In the last lesson we discovered why streams are important. In the next several lessons we’re going to take a look at the various types of streams that you can use with nodejs. We’re going to start with readable streams. Now, a readable stream reads data from a source and then feeds it into a pipeline bit by bit. For instance, we can create a readable stream that can read from a source array. I’m inside of chapter two, chapter two lesson one, inside of the start folder, and in your index.js file you’ll find a sample array of strings. These are local mountain peaks here in the Sierra.
So what we’re goanna do is we’re goanna create a particular type of stream that can read the data from the array and then pass it along chunk by chunk. So, let’s see what that would look like. I’m going to go ahead and create a new instance of our peak stream, and we’re goanna use the new StreamFromArray class, and we’ll pass it the peaks. Now streams implement the event emitter, which means they can raise events. So we can listen for particular events. On a read stream we want to listen for data events.
So whenever a data event is raised, a little bit of data is passed to the callback function. We’ll call that a chunk. And what we’ll do is we’ll just take a look at what a chunk of data looks like by logging it. Another important read stream event is end. When the stream is finished reading, an end event will be raised. And when this is over we’ll just go ahead and console that log, done. Great. So now all we have to do is implement the class StreamFromArray.
So, we’re actually going to create a readable stream, so the first thing I’m going to do is get my readable stream from the stream module, and now I’m going to go down here and create our new class, StreamFromArray, and this is going to extend the readable stream. So we are actually going to create a readable stream. It will inherit that interface.
Whenever we extend the readable stream, we want to implement a read function. So the read function is what happens when this stream reads a chunk of data. So within this function, we want to read one line of the array, and then pass it on. So to that we’re going to need to create a constructor, and take in our array, so when we set up our peak stream, we pass in the peaks. I’m going to invoke super, that actually invokes the readable stream, so it sets up our stream object, and then I’m going to go ahead and add some values to this object, this.array is going to be the array that was passed here, and then we’re going to go ahead and make sure that we’re starting off at zero.
So the index, or the first item that we want to read, is zero. So, within the read method, what we want to do, is we actually want to push chunks of data into the stream by invoking this.push. So the first thing I need to do is get a chunk of data. I’m going to go ahead and create a chunk, and my chunk will be this.array at this.index. There we go. And instead of pushing data I’ll go ahead and push this chunk in here. And then, what we also want to do is make sure that we increment this.index.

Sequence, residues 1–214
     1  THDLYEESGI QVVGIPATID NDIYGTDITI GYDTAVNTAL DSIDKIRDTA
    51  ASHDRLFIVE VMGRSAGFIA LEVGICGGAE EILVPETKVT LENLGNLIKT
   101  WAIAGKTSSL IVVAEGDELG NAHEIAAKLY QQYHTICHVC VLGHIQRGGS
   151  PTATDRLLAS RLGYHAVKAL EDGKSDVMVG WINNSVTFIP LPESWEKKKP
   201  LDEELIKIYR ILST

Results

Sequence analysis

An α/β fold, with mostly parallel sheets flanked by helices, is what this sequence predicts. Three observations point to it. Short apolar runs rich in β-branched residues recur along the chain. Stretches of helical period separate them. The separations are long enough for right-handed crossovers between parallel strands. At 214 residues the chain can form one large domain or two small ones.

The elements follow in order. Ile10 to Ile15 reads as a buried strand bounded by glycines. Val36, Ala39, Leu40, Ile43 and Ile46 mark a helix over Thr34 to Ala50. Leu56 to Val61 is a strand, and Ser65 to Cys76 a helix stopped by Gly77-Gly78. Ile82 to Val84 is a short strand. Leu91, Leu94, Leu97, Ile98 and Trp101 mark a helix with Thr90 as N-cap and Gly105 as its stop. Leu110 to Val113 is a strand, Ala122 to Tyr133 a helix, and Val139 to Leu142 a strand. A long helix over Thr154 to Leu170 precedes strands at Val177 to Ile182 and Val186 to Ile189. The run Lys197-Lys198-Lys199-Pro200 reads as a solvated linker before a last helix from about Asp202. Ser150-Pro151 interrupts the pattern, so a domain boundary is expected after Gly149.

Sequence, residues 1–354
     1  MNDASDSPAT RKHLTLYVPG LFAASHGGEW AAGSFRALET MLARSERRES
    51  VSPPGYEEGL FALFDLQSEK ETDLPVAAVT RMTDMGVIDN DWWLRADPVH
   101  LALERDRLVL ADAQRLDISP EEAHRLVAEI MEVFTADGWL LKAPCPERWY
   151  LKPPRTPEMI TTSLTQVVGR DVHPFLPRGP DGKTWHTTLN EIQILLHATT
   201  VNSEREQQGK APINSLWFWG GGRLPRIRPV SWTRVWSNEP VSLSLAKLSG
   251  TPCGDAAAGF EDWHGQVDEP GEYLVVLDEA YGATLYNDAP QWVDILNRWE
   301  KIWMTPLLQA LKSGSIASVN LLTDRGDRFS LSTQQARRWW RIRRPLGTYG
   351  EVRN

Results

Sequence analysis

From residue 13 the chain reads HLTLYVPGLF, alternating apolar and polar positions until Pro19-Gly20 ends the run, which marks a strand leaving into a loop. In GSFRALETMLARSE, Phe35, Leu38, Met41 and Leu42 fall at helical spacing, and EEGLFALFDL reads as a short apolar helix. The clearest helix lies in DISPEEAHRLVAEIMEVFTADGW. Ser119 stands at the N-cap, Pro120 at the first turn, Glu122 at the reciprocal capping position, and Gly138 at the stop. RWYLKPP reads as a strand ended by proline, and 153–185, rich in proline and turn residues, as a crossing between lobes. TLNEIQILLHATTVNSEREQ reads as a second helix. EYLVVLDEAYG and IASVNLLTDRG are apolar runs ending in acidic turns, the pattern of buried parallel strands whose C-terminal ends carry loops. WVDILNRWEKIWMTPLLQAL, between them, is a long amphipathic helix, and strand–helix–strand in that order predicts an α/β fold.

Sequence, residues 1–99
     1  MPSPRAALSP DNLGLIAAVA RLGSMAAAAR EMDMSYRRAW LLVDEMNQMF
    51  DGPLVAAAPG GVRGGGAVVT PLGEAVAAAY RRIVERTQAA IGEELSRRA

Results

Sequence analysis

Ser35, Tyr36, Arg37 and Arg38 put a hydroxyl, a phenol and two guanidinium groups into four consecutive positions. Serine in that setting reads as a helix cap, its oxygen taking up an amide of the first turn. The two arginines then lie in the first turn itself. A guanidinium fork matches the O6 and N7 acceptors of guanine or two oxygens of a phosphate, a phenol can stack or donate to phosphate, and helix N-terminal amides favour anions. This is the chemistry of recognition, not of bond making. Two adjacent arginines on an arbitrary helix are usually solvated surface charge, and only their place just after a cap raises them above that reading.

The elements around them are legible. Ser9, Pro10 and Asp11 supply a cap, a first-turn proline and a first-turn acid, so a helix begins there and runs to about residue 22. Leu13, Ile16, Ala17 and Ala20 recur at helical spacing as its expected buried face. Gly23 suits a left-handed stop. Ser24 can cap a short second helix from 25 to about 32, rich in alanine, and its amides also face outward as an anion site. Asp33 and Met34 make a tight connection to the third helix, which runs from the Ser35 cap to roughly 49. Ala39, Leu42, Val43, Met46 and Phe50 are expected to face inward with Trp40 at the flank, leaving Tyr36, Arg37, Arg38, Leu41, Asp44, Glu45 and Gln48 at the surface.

So now we have a stream that will read from the array, but how do we know when the stream is over? So in order to do that we need to make sure the index isn’t out of bounds, so I’m going to say, if this.index is less than or equal to this.array.length then we know it’s in bounds, and we can use the index to grab an item from the array. Otherwise, it’s out of bounds, which means that we’ve already read all of the data in the array, so we want to notify this readable stream that it’s over.
So I’m going to go ahead and say this.push null, and by pushing null, or nothing, into our stream, that will signal to the readable that the stream is over. So let’s go ahead and save our application, and then we will go out here and start it by running node . So you can see that we’re reading our array, bit by bit, and all of these little buffers are the chunks. That means that this stream is operating in binary mode, so it’s reading each line of this array, and each chunk is showing us the binary data.
Now, streams have two modes, binary mode and object mode, and when they’re in binary mode, we can actually read data as binary or we can read it as a string. So in order to read this data as a string, all we need to do is set the encoding type to UTF-8. I’m going to go ahead and set it here, when I invoke the super readable class. So I can pass options in, and then coding is one of those options, and we can go ahead and pass in UTF-8, there we go, and I’ll go ahead and save this, and let’s go out to our terminal and run this one more time, and there we can see that all of our chunks are now strings.
So down here inside of the read function, just go ahead and give it a little object, and we’ll say data, and that will be our chunk, and then we’ll also pass forward the index. So now when we invoke this read stream, we’re still reading from the source array, but now we are sending the data out of this readable stream as an object. Let’s go over here to our terminal, and I will clear this, and type node . Whoops, looks like I’m missing something, I accidentally put semicolons here inside of my JSON, silly me, let me go ahead and add commas, there, and then let’s try this again, so from the terminal, I’ll type clear, and then node ., and now you can see that each bit of our stream, each bit of our array, is being read and then passed into the object.
Now, when our object stream is over, notice that that’s handled just a little but differently, pushing null does end the object event, but it also does send us one more object, so just bear that in mind. So readable streams can read data from any type of source and then feed it to anyone who is listening, chunk by chunk.